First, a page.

June 13, 2020

We Shopped And Travelled When It Was Easy - Will We When It's Hard?

Recreational shopping has been a pastime for decades. Similarly, leisure, or non-essential, travel has also been popular. That just changed. We will not be going back to the way it was before the year 2020.

Shopping and traveling were fun and entertaining for many in pre-pandemic times. When it was easy. We will not have the same zeal for spending when it is hard. 

If shoppers have to wear masks, get their temperature checked at the door, sanitize their hands, and social distance once they get in to the business, consumption won't be what it was in the spend freely days of pre-pandemic times. 

And if they continue to get infected, in-person shopping will remain a shadow of the peak consumerism days of the recent past, and likely will never come back in the same way.

Evidence for this is the largest increase in the American savings rate ever, that happened recently. When spending money becomes less attractive, savings rates increase. 

What is good for your bank account, though, is bad for the overflowing vaults of the 1%ers.

This is the capitalist nightmare - people deciding to do other more enjoyable things instead of spending their meagre funds to buy goods and services they don't need. But that is what is happening. 

All over the world humans are waking up every day and finding healthier, less expensive, and more meaningful, ways to occupy their time. Things that aren't shopping or traveling. Or traveling to go shopping.

This could be the end of many familiar things and arrangements. Will it be the end of consumerism, and would that take down capitalism, too? That would be welcome, because either we take it down, or it will take us down. That decision will be ours to make.

We have the power, that much is perfectly clear. If we won't work for them, and won't shop for their junk, what can they do? They need us more than we need them and their wasteful ways.

Our predatory psychopathic-lead system is getting morphed into who knows exactly what as the people rediscover their power to make change. Some of those changes are that we will become savers rather than spenders, and will choose the familiar home range over frivolous foreign sojourns. 

After more than a decade of watching consumer behaviour closely, I am getting the feeling that many newly re-minted community participants are tiring of spending money on non-essential things, and going in debt to do so.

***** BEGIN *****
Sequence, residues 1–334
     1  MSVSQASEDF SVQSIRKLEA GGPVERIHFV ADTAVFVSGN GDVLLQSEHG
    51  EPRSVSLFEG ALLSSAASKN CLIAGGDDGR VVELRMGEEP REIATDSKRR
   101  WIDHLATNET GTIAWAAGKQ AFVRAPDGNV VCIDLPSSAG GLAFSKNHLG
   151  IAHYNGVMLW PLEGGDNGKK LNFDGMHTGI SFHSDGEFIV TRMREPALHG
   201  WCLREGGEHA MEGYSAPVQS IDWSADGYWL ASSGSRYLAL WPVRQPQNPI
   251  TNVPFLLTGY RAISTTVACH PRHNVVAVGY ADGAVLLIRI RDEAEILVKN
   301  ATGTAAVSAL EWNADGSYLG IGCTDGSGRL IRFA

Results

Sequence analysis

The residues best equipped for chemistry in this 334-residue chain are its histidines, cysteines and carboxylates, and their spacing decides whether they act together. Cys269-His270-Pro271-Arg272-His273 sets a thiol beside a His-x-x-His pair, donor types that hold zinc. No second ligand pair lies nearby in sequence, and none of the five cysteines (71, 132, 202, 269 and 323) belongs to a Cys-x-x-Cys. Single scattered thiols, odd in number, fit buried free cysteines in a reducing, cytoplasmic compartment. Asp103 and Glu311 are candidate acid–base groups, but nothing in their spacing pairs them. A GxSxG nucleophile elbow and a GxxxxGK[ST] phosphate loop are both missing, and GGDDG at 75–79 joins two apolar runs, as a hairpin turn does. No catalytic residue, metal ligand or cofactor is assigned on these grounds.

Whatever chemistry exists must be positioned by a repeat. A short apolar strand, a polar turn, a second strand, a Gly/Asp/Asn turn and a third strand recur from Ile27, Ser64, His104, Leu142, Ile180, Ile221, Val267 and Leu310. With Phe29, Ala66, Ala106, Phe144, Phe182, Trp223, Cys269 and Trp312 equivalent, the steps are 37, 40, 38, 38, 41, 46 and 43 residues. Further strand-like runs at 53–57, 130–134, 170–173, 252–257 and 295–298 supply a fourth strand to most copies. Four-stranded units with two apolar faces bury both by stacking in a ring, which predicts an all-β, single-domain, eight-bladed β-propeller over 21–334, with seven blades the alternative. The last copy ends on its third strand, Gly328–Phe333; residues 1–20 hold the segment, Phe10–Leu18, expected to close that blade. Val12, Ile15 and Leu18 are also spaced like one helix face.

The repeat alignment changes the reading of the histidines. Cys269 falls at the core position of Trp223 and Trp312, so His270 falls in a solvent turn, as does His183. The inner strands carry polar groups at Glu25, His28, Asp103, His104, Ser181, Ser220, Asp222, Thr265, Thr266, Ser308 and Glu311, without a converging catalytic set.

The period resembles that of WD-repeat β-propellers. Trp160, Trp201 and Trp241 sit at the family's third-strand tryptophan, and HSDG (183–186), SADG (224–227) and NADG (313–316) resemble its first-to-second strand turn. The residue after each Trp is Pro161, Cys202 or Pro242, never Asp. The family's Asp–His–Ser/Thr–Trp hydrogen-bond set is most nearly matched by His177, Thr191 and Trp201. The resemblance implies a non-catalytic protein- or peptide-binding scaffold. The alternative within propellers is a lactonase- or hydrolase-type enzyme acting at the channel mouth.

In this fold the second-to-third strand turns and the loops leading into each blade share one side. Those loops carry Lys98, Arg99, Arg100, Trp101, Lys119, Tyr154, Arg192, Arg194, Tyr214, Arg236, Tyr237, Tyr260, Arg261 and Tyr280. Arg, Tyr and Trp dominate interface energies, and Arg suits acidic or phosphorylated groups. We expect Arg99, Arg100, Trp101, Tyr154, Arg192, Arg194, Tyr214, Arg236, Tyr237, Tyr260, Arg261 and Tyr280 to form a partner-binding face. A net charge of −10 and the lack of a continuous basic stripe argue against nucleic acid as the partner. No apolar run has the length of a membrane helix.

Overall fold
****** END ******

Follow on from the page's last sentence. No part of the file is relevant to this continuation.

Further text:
We are moving on to more important, more beautiful, more balanced concerns, and say to our former rulers and their soulless system, "Thank you for your service - we will take it from here".


  1. Anonymous6/13/2020

    The younger generation blames the baby boomers for destroying the economy, for supporting the racist police state which murders black people, and for pretty much destroying America. The level of hatred that the youth feels towards boomers is undescribable. My question is, do you boomers think you're going to have a peaceful retirement? How do you think the younger generation will treat you? Already we see it happening, a couple weeks ago there was that video of a black guy punching a 75 year old white baby boomer man in the face in a retirement home. This is what happens when you live a greedy selfish life without thinking of the future. One day, the CONSEQUENCES of your actions come back to hit you a 100 fold. You boomers destroyed America and the youth is angry enough to riot and burn down the cities. The GREED of the baby boomers caused this. Anyway good luck, you baby boomers are gonna need it.

    1. If I remember correctly, the Boomers did try to change things. As a matter of fact, the last time protests and activism were as engaged as today was the 60s... when young Boomers were in the process of changing everything. It wasn't the Boomers that crushed that and helped maintain the status quo for another 50 years - it was previous generations.

      I hope the generations since the Boomers are out in the streets now, carrying on the Boomer legacy of sticking it to The Man. The best thing young people today can do is make sure that the current push for change is not destroyed in the same way as the yearning for something different was in the Summer of Love.

      Can we dismantle the structure of capitalism and its guard dogs, the Police, before they crush our dreams again?

      Millennials are now reaching 40 years old. Time is running out for all of us, and we have questions for the Establishment, whether its representatives are Millennials, Boomers, Silent, or Greatest.

      It's not Boomers, although they may not be finishing as strong as they started out. It's our sick system. Let their example be a lesson for all generations - don't let the system beat you down. Don't give up. Don't join the other side. Keep up the struggle.

      The only way we can do this is together.

    2. Thank you Gregg. Thank you for speaking up for those of us who have been marching and protesting, writing letters and typing out articles for the past fifty years. My oldest daughter turned 40 today. Another manure mucker, just like her mother. Illegitimi non carborundum. Love, Mela

    3. Mela - For sure there are many boomers that have never quit. Activist Angela Davis comes to mind. We're not worn down yet!